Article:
Motor neurone disease genetic marker discovery

A genetic variant linked to the most common form of motor neurone disease, which holds potential as a genetic marker to better treat the neurological disease, has been discovered by researchers at the Perron Institute and Murdoch University.

The study represents a step forward in the quest to find new genetic markers to understand and advance new approaches to treat the complexities of motor neurone disease (MND).

MND is a neurodegenerative disease resulting in progressive paralysis. An estimated five to ten percent of cases are familial (hereditary), but most are sporadic.

Study marks first genetic association of its kind in MND research to be published

The collaborative research investigated the Stathmin-2 gene, which is necessary for neuron growth and regeneration. The team uncovered a structural variant within this gene that is linked to sporadic amyotrophic lateral sclerosis (ALS), the most common form of MND.

Results indicate that the variation is a risk factor and may affect the progression of the disease in some patients.

Professor Anthony Akkari, senior author of the study who heads the Motor Neurone Disease Genetics and Therapeutics Research team at the Perron Institute and Centre for Molecular Medicine and Innovative Therapeutics at Murdoch University explained.

“Identifying variations in genetic makeup is a key element in improving approaches to preventing, diagnosing and treating diseases such as MND.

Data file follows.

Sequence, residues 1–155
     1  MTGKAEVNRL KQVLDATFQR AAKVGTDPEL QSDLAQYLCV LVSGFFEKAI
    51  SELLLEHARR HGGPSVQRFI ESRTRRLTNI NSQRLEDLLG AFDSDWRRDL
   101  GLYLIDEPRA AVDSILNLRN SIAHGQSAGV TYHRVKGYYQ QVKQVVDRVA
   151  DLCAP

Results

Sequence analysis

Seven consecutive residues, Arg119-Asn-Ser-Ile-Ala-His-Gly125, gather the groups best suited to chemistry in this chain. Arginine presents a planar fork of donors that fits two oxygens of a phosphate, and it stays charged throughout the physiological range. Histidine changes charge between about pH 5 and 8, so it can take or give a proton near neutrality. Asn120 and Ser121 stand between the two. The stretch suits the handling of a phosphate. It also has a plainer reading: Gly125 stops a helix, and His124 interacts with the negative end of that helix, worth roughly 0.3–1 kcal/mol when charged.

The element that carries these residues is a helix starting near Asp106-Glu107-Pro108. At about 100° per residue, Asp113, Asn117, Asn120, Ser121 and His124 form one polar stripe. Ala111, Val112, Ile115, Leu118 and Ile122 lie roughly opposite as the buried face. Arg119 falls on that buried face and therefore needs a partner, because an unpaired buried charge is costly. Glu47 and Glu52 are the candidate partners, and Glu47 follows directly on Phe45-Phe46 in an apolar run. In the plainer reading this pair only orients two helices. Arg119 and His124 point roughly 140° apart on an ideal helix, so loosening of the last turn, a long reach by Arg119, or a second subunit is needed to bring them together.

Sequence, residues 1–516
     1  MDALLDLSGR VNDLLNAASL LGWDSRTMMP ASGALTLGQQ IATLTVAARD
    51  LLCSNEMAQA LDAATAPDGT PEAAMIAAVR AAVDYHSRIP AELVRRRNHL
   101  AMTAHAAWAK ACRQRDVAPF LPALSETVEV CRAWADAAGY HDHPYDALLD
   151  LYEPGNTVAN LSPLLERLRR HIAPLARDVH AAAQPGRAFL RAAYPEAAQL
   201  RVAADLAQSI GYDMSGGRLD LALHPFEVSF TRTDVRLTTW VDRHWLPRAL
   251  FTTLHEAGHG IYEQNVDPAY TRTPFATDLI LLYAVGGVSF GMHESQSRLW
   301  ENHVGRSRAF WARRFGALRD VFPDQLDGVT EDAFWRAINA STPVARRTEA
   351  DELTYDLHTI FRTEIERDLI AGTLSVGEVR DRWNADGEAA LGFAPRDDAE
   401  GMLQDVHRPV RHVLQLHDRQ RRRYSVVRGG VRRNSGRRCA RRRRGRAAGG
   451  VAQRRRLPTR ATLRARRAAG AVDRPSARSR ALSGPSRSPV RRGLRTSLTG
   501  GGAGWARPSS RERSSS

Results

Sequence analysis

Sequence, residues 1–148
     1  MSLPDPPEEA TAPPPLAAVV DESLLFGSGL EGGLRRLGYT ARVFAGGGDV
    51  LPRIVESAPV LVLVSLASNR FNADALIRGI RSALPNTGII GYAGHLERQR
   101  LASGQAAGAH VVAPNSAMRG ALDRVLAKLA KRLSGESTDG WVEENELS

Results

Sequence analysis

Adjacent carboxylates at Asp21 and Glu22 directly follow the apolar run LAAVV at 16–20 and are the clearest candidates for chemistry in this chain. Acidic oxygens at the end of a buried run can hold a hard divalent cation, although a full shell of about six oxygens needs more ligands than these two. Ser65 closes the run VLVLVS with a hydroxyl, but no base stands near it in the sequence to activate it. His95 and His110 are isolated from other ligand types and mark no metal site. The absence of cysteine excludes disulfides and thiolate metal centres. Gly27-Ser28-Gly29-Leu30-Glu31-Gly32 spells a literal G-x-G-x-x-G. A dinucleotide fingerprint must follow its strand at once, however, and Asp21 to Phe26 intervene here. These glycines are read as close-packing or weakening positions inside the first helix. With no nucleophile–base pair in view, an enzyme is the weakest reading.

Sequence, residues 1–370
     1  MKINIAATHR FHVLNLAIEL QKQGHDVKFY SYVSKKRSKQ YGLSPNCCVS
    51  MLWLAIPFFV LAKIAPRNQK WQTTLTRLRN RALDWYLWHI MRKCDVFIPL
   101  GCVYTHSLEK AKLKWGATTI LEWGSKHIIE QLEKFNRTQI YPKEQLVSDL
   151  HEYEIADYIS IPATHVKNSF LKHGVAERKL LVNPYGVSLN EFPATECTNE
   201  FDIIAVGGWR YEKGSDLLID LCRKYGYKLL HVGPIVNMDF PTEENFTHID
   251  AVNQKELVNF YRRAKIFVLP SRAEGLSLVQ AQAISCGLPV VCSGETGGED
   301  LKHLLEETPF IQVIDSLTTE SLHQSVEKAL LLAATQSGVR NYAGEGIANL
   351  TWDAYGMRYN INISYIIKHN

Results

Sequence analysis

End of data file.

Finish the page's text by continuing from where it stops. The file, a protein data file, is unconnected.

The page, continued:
“Overall, in this area of unmet need, the aim is to discover what therapies would work best for specific patient groups. Our research is aimed at filling in genetic pieces of the puzzle.

“As well as giving us a better understanding of disease mechanism, knowledge of this variant could improve outcomes of clinical trials. Grouping participants by this genetic marker would enable researchers to investigate whether the sub-group responds differently to a particular therapy.”

Frankie Theunissen and Prof Anthony Akkari at Perron Institute
Lead researchers Frankie Theunissen and Prof Anthony Akkari at the Perron Institute

Frances Theunissen was lead investigator of the study, a research assistant and PhD candidate at the Perron Institute and Murdoch University.

“This newly discovered genetic variant has the potential to be a disease marker and tool for cohort enrichment in future MND clinical trials and this strategy should become standard practice,” she said.

“It’s a step towards developing new, personalised treatments for motor neurone disease.”

Frances Theunissen

The study was published in the journal Frontiers in Aging Neuroscience.

The collaborative study involved renowned local researchers and international collaborators, including Professors Don Cleveland, John Ravits and Dr Ze’ev Melamed (University of California, San Diego), Professor Richard Bedlack (Duke University, North Carolina) and Professor Alan Mackay Sim (Griffith University, Queensland).

The research was made possible thanks to funding from the Perron Institute, the Giumelli Foundation, Ian Potter Foundation, Racing for MNDi Foundation and the Pierce Armstrong Foundation.